Re: Question about Consent Governance
From: Philip Dowds (
Date: Tue, 17 Jul 2018 06:14:28 -0700 (PDT)
A few responses:

(1) Stated community values are often competitive, sometimes even mutually 
exclusive.  Further, it’s almost impossible to devise a proposal that’s all 
benefits and no costs.  In other words, a rational objector can usually develop 
a plausible argument that the proposal is in conflict with at least one of the 
community’s 18 values.  The hard conflicts of life are not about good versus 
evil; they are about good versus good.

(2) Or maybe the proposal doesn’t impact values, but forecloses a future 
option: Like, putting the bike shed in the northwest corner will permanently 
prevent an expansion of the vegetable garden.  To me, this sounds like 
something of which rational members can reasonably hold strongly differing 
opinions.  Who decides, how, that bikes are more important than tomatoes?  
(Note that building a bicycle shed does not have a sunset clause; the shed will 
not magically go away after an expiration date.)

(3) Thus, when it's not black or white (which is most of the time), how does 
plenary make the decision that the objector’s objection is unconvincing and 
invalid.  Vote?

I do agree that spending time and effort on a good-faith, well-structured 
consensus dialog can, and will, defuse all objections, at least some of the 
time.  But one way or another, at least some proposals must eventually sail 
between Scylla and Charybdis:  Over-ride one or more objections that clearly 
have some legitimacy (if not overwhelming priority)?  Or, abandon months of 
work that has satisfied most, if not quite all, members?  If you think that the 
ideal outcome of the consensus process is, or should be, unanimity, then these 
are not trivial questions.


> On Jul 17, 2018, at 7:37 AM, Patti Lautner <lautnerp [at]> wrote:
> The important piece that seems to be missing in the story described by Philip 
> is the REASON for the block. In a true consensus model, a block may only 
> happen if the blocker can show that they are protecting one of the 
> community’s commonly held values. The blocker must describe convincingly to 
> the plenary that it is in the best interest of the community to block and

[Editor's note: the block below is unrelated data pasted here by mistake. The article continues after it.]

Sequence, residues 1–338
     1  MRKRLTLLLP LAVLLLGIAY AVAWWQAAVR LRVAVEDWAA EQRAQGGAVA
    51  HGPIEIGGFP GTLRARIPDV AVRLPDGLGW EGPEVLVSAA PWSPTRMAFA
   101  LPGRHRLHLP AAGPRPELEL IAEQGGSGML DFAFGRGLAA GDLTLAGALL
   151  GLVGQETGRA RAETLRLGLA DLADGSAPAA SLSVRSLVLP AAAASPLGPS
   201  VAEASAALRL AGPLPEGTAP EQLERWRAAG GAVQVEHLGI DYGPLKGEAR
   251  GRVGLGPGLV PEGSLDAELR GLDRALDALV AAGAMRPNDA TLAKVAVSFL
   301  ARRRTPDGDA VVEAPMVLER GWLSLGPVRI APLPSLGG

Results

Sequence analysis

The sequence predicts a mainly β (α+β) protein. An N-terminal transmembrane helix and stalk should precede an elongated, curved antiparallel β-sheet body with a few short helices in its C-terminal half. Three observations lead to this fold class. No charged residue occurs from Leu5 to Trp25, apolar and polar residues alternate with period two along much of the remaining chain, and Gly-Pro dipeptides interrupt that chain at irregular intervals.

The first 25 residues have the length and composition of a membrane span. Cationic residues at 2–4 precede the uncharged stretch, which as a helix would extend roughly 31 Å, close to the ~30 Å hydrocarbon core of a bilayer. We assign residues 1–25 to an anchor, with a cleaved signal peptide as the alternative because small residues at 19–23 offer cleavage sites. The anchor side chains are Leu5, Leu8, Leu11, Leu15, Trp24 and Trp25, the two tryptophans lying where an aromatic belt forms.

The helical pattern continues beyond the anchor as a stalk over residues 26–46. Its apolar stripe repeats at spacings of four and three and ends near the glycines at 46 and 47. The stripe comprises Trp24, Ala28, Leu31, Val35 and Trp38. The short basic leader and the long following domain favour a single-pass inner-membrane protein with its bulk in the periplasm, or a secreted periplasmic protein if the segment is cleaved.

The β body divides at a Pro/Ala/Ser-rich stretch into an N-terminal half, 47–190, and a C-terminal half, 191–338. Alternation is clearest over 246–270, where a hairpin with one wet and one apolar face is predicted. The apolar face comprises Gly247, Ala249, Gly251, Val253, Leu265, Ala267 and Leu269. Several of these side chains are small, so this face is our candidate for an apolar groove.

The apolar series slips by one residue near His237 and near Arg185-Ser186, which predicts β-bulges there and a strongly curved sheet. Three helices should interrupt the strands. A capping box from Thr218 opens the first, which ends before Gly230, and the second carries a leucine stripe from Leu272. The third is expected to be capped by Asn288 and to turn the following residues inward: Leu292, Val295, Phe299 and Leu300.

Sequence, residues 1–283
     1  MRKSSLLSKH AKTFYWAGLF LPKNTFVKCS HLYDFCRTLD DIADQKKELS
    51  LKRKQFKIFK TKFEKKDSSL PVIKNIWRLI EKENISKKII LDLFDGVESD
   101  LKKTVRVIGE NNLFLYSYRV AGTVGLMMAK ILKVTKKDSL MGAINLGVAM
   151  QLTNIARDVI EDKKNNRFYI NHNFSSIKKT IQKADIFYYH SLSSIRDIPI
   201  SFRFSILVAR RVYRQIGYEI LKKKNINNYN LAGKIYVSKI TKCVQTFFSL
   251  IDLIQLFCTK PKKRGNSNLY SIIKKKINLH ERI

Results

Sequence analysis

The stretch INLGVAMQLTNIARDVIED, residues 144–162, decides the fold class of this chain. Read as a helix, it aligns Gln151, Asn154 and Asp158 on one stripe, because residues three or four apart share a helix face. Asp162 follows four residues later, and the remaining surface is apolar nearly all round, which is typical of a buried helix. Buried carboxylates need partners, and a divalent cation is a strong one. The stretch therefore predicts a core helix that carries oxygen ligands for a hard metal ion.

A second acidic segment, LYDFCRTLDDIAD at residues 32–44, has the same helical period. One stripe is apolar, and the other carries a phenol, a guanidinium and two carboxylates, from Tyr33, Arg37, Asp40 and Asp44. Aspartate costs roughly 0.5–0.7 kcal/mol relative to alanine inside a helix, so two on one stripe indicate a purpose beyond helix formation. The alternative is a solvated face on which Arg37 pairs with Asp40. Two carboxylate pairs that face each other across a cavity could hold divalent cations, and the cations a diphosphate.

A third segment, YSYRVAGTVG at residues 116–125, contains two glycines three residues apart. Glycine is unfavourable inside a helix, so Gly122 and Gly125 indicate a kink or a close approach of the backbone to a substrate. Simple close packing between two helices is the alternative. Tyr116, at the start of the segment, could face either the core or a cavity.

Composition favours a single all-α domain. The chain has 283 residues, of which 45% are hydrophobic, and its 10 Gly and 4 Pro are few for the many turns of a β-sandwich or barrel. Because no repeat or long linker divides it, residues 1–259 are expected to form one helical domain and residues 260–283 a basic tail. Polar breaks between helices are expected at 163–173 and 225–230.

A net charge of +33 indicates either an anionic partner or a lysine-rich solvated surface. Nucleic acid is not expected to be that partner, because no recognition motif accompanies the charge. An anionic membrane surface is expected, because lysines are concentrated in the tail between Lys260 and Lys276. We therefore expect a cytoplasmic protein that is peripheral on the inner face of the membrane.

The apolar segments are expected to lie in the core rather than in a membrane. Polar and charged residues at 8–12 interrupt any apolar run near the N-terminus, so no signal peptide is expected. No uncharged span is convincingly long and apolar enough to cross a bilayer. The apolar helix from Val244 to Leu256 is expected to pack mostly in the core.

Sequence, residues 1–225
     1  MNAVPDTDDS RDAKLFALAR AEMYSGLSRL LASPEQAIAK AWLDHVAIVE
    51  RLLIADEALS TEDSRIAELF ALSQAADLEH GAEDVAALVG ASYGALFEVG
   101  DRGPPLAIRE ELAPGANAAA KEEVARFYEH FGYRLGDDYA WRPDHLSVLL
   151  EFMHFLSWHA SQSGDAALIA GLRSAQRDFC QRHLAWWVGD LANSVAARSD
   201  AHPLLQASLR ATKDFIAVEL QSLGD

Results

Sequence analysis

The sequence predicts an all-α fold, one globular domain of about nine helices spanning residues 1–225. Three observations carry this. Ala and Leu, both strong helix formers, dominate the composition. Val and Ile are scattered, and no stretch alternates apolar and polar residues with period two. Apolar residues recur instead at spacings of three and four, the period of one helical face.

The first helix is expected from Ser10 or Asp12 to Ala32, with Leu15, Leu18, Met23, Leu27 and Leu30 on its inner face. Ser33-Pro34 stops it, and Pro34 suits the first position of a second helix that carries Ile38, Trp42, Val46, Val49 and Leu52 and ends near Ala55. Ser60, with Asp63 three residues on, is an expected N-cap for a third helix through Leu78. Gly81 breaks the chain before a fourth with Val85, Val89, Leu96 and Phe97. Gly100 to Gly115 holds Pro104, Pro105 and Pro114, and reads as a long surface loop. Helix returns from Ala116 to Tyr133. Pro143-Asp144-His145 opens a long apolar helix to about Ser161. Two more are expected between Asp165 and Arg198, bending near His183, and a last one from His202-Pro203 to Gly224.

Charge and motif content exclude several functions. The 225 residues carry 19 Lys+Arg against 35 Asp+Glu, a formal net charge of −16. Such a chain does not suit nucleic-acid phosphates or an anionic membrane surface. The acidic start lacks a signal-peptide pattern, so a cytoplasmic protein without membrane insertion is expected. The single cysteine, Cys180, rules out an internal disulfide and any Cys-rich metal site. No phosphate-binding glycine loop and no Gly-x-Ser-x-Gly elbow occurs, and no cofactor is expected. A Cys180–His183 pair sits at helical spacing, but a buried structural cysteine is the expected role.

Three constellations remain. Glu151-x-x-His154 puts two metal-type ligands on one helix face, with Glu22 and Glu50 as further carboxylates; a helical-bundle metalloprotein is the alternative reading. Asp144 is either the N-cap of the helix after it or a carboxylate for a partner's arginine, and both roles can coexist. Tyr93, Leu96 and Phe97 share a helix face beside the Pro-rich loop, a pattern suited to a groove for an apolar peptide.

> that the common value must be protected above what might seem like popular 
> opinion. If the blocker can not convince the community that the decision goes 
> against a common value, then the block is simply not allowed. Even mature 
> communities like ours, (13+ years since move in, 18 years since starting), 
> need to be reminded occasionally that conensues means to give permission, not 
> total agreement, and that blocks may only happen to protect a commonly held 
> value.
> We have our values list lovingly displayed in our common house and we 
> confirm, ratify, and consider changing this list annually at one of our 
> retreats.
> I would love to discuss more should anyone want to reach out.
> Best,
> Patti 
> JPCohousing Boston 
> Sent from my iPhone
>> On Jul 17, 2018, at 7:17 AM, Dick Margulis <dick [at]> wrote:
>> The issue Philip identifies is what had our group in nearly complete 
>> paralysis for a couple of years, trying mightily but unsuccessfully to move 
>> forward using formal consensus.
>> Sociocracy set us free.
>> Strip away all of the specific procedures and processes and structures of 
>> sociocracy and just focus on the concept of consent that it embodies:
>> 1. The proposal belongs to the circle with the authority to act on it, not 
>> to the individual or circle that brings it.
>> 2. The proposal includes what amounts to a sunset clause: when will we 
>> review it to see if it's working as planned or needs further tweaking, and 
>> by what explicit criteria will we make that judgment?
>> 3. To decide whether to object, you ask yourself whether the proposal is 
>> safe enough to try and good enough for now, whether it is consistent with 
>> agreed community values, and whether you can live with it. You don't ask 
>> whether the proposal is perfect, because you know we will revisit it later 
>> (see number 2).
>> 4. If you don't have a reasoned objection but still feel that something is 
>> amiss that needs to be resolved, the circle's job is to help you put your 
>> finger on the problem and articulate it so that it can be examined in light 
>> of those decision criteria. If your initially inchoate objection has been 
>> developed into a reasoned objection, then more work is needed on the 
>> proposal to resolve that objection, and good for you for bringing it. If 
>> not, then the facilitator will likely ask you to stand aside.
>> The better we get at using sociocracy--especially the better we get at 
>> internalizing number 1, above--the more efficient our meetings become and 
>> the faster we can get to a decision on a proposal. And the active listening 
>> involved in number 4 has kept us honest: people who are not necessarily very 
>> articulate nonetheless feel heard; we've had any number of instances where a 
>> little niggle that's bothering one quiet person has resulted in major 
>> reshaping of a proposal once the group teased out the real nature of the 
>> objection.
>> Dick
>>> On 7/17/2018 6:26 AM, Philip Dowds via Cohousing-L wrote:
>>> So here’s the issue, really:
>>> Let’s say a controversial proposal has arrived at plenary.  The whole 
>>> community has faithfully followed its formal consensus process.  After 
>>> several months of hard work, inside and outside of plenary, the proposal 
>>> has been significantly modified, and now almost everyone feels his/her 
>>> concern or objection has been adequately addressed.  Except, maybe, for one 
>>> person.
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